OpenJurist

373 F2d 731 Lawrence v. J T Willingham

373 F.2d 731

Donald Wayne LAWRENCE, Appellant,
v.
J. T. WILLINGHAM, Warden, Appellee.

No. 9266.

United States Court of Appeals Tenth Circuit.

March 3, 1967.

Before MURRAH, Chief Judge, and HILL, Circuit Judge.

PER CURIAM.

1

The appellant does not attack the validity of his federal sentence but asks this Court to effectuate his transfer from the United States Penitentiary at Leavenworth, Kansas, to a federal institution in Texas so that he may be more conveniently brought to trial on a state charge. He argues that the federal courts have the authority to enter such an order for the following reasons:

2

1. The sentencing court recommended that he be committed to the Federal Correctional Institution at Seagoville, Texas, and such a recommendation is binding on the Attorney General.

3

2. He should not have been transferred from the Federal Correctional Institution at Texarkana, Texas, to the United States Penitentiary, Leavenworth, Kansas.

4

3. The district court had the authority under 28 U.S.C. § 2241(c) (5) to issue a writ of habeas corpus ad prosequendum to have him brought before the Texas court for trial.

5

The appellant cites numerous cases in support of his contention that the Attorney General is bound by the recommendation of the sentencing court. Prior to 1941, 18 U.S.C. § 753f authorized the court, in certain circumstances, to select the place of confinement and most of the cases he cites relate to that provision. However, § 753 has been replaced by 18 U.S.C. §§ 4082, 4083, and the Attorney General is now vested with the exclusive authority to designate the place of confinement. 18 U.S.C. § 4082 (a); Bowen v. United States, 174 F.2d 323 (10th Cir. 1949); Hogue v. United States, 287 F.2d 99 (5th Cir. 1961), cert. denied 368 U.S. 932, 82 S.Ct. 369, 7 L.Ed.2d 195. "In practice the sentencing court in the order of commitment frequently recommends a place for the convict's detention. However, while it is generally followed by the Attorney General, it is only a recommendation and not an order of the court." Hamilton v. Salter, 361 F.2d 579 (4th Cir. 1966).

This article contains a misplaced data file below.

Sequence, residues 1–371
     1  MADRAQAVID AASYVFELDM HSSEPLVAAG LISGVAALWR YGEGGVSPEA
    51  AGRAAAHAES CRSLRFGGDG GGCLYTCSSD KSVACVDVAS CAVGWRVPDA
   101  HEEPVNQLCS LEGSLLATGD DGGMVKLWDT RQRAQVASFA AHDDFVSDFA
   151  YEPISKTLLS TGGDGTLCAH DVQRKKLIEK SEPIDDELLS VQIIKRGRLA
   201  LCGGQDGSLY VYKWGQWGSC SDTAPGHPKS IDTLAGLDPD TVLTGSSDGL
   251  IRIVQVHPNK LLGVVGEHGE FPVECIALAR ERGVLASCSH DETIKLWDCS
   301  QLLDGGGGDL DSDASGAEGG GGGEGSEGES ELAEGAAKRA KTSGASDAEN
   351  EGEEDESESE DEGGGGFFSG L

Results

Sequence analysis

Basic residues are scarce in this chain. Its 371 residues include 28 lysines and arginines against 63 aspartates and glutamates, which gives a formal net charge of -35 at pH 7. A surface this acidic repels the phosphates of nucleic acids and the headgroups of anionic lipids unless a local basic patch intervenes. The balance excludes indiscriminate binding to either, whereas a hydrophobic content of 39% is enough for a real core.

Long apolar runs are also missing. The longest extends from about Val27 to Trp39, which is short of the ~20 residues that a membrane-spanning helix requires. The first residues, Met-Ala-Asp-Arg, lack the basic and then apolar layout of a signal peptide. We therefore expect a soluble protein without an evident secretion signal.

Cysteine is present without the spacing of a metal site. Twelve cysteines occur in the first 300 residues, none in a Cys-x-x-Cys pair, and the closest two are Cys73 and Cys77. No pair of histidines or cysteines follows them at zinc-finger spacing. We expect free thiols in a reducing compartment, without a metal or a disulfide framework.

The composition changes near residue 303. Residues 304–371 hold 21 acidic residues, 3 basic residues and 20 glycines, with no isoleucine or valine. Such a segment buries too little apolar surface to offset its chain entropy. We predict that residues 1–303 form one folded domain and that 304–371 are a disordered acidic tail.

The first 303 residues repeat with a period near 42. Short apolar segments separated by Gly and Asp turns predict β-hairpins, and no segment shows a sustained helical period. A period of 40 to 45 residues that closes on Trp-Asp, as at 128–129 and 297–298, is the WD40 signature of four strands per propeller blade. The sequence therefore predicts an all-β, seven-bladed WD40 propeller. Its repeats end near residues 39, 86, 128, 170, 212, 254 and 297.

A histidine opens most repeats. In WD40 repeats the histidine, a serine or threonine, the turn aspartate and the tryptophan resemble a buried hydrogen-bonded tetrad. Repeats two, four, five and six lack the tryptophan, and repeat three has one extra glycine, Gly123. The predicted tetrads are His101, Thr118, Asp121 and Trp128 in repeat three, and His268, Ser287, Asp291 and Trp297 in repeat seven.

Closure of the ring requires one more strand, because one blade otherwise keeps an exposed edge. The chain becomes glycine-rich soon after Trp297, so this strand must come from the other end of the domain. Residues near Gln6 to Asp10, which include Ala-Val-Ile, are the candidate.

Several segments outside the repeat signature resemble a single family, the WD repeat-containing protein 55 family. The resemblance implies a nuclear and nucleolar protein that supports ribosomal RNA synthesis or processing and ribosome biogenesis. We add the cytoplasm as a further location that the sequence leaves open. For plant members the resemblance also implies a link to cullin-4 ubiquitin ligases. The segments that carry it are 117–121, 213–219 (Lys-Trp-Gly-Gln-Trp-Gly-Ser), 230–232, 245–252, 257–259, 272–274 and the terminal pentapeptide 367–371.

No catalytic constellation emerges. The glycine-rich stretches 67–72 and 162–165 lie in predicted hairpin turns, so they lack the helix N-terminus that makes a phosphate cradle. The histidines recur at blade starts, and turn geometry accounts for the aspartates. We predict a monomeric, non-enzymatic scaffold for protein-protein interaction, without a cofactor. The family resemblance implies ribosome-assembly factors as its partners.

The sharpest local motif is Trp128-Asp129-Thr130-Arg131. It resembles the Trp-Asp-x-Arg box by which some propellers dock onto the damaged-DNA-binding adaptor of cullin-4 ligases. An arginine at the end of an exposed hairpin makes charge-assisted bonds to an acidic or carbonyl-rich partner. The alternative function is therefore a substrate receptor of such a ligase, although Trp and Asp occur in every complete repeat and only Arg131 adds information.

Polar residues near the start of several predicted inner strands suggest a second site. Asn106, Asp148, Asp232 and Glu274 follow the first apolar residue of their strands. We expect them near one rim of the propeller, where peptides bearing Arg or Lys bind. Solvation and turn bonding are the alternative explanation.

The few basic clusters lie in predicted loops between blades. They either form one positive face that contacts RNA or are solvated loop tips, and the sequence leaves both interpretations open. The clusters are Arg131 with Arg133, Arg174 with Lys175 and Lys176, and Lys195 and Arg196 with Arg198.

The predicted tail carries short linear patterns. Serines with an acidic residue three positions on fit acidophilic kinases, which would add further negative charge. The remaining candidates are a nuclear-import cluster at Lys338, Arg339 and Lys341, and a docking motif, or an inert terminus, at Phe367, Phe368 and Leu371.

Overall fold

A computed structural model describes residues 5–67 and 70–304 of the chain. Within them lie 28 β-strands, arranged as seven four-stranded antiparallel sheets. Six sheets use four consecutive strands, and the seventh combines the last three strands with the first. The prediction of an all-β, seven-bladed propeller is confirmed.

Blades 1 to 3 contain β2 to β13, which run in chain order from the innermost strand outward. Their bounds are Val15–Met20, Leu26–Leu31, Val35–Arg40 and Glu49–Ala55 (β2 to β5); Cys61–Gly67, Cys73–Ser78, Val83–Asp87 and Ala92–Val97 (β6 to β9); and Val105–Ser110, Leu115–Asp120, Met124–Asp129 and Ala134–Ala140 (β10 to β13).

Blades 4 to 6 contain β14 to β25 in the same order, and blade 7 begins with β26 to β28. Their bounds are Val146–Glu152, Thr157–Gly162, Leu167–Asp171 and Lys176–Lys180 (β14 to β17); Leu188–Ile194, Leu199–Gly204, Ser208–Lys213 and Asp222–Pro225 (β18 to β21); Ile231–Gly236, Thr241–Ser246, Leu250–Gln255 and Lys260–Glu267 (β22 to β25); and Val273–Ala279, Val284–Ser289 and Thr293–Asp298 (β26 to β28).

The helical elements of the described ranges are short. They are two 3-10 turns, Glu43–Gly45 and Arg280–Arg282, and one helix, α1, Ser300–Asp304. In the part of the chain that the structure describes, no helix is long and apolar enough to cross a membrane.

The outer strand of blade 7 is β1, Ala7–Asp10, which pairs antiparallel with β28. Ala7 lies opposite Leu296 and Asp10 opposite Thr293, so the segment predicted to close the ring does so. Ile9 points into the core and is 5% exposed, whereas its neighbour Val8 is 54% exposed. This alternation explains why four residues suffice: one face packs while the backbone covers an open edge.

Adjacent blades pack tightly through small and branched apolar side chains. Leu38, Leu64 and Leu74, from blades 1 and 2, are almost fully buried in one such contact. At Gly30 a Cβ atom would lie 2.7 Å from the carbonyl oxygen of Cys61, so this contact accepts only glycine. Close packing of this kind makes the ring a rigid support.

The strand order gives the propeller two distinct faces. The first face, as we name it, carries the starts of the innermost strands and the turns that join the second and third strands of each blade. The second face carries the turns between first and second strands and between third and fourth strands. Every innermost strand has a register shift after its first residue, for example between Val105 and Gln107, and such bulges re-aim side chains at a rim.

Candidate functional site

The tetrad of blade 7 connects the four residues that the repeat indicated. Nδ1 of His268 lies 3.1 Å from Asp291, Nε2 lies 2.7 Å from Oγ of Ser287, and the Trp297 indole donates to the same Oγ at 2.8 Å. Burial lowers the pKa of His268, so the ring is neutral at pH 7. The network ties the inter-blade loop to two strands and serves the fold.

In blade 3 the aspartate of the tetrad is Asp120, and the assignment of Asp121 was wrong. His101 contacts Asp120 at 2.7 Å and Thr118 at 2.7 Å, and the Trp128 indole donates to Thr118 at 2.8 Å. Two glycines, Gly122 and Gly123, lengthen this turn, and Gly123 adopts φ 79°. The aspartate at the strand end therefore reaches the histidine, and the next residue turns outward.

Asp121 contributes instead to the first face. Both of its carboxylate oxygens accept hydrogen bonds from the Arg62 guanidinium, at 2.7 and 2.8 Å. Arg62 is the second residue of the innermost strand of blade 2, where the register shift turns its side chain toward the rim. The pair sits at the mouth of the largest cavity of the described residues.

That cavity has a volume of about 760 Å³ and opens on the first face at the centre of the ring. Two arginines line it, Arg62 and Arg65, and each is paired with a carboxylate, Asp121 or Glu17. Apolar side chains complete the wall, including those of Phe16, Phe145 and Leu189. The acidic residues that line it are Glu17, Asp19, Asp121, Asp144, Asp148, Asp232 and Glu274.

6

The Attorney General also has the exclusive authority to transfer federal prisoners. 18 U.S.C. § 4082(b); Stillwell v. Looney, 207 F.2d 359 (10th Cir. 1953). Lawrence was transferred to a federal correctional institution in Texas at the request of Texas officials. He remained there nearly eight months and was then transferred to Leavenworth because he was subject to penitentiary confinement on the basis of his six-year sentence and previous record. The decision of the Attorney General is conclusive in the absence of a showing of abuse of discretion, that is, that the transfer was arbitrary or capricious. See Smoake v. Willingham, 359 F.2d 386 (10th Cir. 1966). We do not find this transfer to be arbitrary or capricious.

7

It is true, as appellant contends, that 28 U.S.C. § 2241(c) (5) authorizes a United States District Court to issue a writ of habeas corpus ad prosequendum to produce a defendant for trial. This writ is "necessary as a tool for jurisdictional potency." Carbo v. United States, 364 U.S. 611, 81 S.Ct. 338, 5 L.Ed. 2d 329 (1961). The traditional use of the writ has been to bring a defendant in the custody of another sovereign to trial before the court issuing the writ. See Lunsford v. Hudspeth, 126 F.2d 653 (10th Cir. 1942); United States ex rel. Moses v. Kipp, 232 F.2d 147 (7th Cir. 1956). If a writ of habeas corpus ad prosequendum is to be used to bring Lawrence to trial in a Texas state court, the writ must issue from that court.

8

Affirmed.